Dipping into his latest book on his love of fly fishing, we find that Raines is still rising to the conservative-bashing bait.
On page 189, he lets fly with thoughts about liberal bugbear Fox News:
“Fox, by its mere existence, undercuts the argument that the public is starved for ‘fair’ news, and not just because Fox shills for the Republican Party and panders to the latest of America’s periodic religious manias. The key to understanding Fox News is to grasp the anomalous fact that its consumers know its ‘news’ is made up. It matters not when critics point this out to Foxite consumers because they’ve understood it from the outset. That’s why they’re there. Its chief fictioneer, Roger Ailes, had been making up news in plain sight for a half century.”
Neal Gabler might have hit a new low when it comes to the coarseness of his criticism. On this evening's Fox News Watch, he branded as 'sub-moronic' a statement President Bush made during his recent Iraq trip. And, furious that the media has been insufficiently critical in its coverage of Iraq for his taste, Gabler repeatedly labelled the MSM 'brain dead.'
Gabler began his assault by pouring cold water on the president's recent uptick in the polls: "the boost is very small. . . If you want to look at his numbers, his numbers are very, very low."
Even so, Gabler was galled that the press hasn't given sufficient attention to the bad news from Iraq. "The most positive media development for the president has been the fact that on the very day that he visited Baghdad, 24 Iraqis were killed in Kirkuk of all places and 50 were killed around Iraq, but it got no coverage. It was page 15 of the New York Times."
Back in December, Brent Bozell warned that group marriage – polygamy – was becoming the rage on television, including this:
What’s next? Non-fictional "group marriage TV" will arrive on the Bravo channel in the spring, with a documentary called Three of Hearts: A Postmodern Family, featuring a New York triple with two gay men, a woman, and two children. Now, reading that last sentence – what was your reaction? Perhaps a bit surprised, maybe somewhat disgusted. But you weren’t shocked, were you? I rest my case.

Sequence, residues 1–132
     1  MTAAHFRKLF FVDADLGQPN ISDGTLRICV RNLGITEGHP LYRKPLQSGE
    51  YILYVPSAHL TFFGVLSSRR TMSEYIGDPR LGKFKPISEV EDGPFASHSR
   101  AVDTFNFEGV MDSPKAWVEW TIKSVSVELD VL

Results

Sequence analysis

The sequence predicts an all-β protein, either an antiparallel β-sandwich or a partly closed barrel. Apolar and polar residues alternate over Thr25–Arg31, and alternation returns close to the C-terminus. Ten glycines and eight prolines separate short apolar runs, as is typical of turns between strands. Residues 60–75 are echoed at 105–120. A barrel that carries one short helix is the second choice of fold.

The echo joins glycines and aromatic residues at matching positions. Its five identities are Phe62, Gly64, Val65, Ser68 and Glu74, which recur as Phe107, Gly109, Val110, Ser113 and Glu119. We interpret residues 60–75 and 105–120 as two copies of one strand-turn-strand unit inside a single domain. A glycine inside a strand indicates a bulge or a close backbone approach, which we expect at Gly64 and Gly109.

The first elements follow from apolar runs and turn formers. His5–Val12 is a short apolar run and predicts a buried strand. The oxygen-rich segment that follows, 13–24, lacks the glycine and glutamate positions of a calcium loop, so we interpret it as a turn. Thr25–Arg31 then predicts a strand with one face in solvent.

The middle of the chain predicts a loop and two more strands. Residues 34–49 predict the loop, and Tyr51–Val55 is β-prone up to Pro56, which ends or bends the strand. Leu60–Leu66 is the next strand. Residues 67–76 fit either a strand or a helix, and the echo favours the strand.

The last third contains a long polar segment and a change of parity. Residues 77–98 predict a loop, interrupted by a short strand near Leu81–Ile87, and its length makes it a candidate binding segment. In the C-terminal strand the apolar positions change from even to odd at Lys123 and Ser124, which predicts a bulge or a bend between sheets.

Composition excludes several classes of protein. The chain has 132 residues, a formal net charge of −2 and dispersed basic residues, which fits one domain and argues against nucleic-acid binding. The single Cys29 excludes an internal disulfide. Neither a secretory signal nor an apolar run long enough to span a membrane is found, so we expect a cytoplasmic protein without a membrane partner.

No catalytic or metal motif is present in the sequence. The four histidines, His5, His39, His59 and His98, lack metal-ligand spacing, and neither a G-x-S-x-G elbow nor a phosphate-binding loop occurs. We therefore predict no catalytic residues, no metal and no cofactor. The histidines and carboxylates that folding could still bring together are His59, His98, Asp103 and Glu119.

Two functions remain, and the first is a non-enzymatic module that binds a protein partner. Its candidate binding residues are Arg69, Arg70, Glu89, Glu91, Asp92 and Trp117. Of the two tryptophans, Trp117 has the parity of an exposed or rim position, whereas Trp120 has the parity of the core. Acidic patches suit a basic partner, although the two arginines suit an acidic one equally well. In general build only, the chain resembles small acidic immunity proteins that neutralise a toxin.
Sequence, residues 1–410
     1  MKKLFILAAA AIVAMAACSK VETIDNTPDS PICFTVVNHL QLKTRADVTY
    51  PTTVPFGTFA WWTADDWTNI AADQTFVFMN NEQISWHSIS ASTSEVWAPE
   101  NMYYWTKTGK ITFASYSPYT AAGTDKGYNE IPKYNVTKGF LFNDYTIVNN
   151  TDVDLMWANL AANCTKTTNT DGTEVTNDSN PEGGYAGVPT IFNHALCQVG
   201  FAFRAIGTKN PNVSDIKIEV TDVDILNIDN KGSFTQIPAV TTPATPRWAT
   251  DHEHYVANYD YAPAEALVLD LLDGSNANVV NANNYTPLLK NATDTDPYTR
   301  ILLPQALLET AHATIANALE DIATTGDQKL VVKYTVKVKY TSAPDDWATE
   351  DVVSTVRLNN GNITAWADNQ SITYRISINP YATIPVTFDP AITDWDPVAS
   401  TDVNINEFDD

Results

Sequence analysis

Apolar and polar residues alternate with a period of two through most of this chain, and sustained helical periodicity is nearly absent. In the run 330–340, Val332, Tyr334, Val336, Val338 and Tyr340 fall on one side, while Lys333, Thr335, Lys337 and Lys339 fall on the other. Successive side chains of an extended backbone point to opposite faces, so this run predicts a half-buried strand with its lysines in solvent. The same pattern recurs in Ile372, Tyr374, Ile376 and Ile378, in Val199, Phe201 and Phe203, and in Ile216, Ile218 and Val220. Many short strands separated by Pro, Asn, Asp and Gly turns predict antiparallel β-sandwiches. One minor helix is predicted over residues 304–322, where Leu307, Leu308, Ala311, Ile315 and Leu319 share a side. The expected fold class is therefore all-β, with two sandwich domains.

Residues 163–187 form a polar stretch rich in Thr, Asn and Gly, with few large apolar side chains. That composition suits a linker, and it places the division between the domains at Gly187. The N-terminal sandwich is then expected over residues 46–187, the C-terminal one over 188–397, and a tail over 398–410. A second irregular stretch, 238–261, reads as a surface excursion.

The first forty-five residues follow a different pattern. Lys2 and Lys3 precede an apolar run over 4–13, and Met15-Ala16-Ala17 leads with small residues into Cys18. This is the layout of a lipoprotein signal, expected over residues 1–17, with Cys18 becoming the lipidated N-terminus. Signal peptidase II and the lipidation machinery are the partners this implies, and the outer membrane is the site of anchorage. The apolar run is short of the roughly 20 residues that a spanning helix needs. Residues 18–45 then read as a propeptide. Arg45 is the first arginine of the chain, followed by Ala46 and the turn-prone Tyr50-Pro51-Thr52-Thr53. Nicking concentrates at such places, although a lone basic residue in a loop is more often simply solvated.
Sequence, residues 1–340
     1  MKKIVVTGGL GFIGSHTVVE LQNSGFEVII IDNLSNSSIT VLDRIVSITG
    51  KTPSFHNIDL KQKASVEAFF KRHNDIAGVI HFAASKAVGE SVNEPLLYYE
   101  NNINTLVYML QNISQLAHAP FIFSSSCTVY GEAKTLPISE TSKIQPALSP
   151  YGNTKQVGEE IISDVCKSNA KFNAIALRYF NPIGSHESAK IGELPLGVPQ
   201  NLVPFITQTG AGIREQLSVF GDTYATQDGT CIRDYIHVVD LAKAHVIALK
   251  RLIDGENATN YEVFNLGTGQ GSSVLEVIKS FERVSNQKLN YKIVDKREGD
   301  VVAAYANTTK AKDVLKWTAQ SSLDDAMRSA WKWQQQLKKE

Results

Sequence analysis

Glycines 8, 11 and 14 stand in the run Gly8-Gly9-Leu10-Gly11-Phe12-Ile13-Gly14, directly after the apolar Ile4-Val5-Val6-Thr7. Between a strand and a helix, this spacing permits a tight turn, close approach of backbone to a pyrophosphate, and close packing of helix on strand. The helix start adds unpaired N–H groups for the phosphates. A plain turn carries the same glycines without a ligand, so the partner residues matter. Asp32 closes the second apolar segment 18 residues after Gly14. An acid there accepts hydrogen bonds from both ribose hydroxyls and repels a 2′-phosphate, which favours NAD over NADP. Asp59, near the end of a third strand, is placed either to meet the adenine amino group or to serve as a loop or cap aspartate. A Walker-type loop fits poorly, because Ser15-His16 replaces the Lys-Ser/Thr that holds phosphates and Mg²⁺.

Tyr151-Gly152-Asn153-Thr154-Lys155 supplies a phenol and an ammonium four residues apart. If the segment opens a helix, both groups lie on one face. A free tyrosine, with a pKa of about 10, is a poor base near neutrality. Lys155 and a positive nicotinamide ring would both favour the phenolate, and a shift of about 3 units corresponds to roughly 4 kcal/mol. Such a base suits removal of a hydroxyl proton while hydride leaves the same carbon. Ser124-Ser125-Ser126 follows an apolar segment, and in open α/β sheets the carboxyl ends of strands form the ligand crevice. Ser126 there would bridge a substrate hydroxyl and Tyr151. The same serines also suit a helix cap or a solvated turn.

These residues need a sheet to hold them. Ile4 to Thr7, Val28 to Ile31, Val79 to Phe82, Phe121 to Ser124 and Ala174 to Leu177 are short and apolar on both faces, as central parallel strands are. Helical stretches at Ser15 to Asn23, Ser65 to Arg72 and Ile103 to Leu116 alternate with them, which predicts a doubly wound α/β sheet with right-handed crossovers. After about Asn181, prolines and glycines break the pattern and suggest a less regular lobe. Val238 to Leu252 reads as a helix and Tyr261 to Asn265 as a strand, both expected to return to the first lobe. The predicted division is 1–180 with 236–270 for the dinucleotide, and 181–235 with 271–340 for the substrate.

Well, it’s a little late to qualify as "spring" now, but this film will air on Bravo this month, and it’s now being publicized by Fox News, in their syndicated program "Geraldo at Large." MRC’s Geoff Dickens reported that on Thursday night, Fox anchor Laurie Dhue filed a story for Geraldo on the film with a predictable opening:
In May of 2004, Abu Musab Al Zarqawi participated in the beheading of Nicholas Berg, a businessman working in Iraq. His father, Michael, emerged in the aftermath of that crime as an outspoken liberal activist and is now running for Congress in Delaware on the Green Party ticket. So who better to bring on for a discussion about Zarqawi’s death? Michael Berg appeared on all three cable channels this morning to spew hatred towards the United States Government and George W. Bush. Interestingly, only one network, MSNBC, found the time to mention that Mr. Berg is now a political candidate. Rather then cover the successful elimination of a significant terrorist threat, CNN, FNC, and MSNBC all gave time to someone who would make statements such as this one on CNN’s American Morning at 7:50AM EDT:
Michael Berg: "Well, you know, I'm not saying Saddam Hussein was a good man, but he's no worse than George Bush. Saddam Hussein didn't commit the rapes, neither did George Bush, but both men are responsible under their reigns of, of terror....I don't get it. Why is it better to have George Bush be the king of Iraq rather than Saddam Hussein?"
Democratic political consultant and longtime Fox News contributor Susan Estrich responds to charges by Bob Cesca on the Huffington Post that Fox News encourages the "white power" movement.
Cesca had said:
Last week, Fox News Channel's John Gibson urged white people to make more babies in order to counter the growing Latino population in America. Watch Stephen Colbert present Gibson's ridiculousness here.
Next up... Tony Snow, former Fox pundit and current White House press secretary, blurted out "squeezing the tar baby" in his first official press conference.